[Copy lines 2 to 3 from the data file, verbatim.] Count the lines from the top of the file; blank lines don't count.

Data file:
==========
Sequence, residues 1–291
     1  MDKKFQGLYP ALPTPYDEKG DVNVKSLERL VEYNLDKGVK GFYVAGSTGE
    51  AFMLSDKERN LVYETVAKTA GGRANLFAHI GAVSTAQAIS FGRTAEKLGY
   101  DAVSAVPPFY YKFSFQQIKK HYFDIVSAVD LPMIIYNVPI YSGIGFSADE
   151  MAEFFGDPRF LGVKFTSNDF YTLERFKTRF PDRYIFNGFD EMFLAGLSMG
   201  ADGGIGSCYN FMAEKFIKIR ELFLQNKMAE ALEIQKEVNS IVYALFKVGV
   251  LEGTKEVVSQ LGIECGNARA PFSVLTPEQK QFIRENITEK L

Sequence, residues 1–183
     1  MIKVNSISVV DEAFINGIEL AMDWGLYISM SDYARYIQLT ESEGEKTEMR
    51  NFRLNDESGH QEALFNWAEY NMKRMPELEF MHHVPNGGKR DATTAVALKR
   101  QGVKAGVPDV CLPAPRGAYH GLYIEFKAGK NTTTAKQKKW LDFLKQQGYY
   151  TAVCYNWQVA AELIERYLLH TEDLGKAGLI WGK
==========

     1  MDKKFQGLYP ALPTPYDEKG DVNVKSLERL VEYNLDKGVK GFYVAGSTGE
    51  AFMLSDKERN LVYETVAKTA GGRANLFAHI GAVSTAQAIS FGRTAEKLGY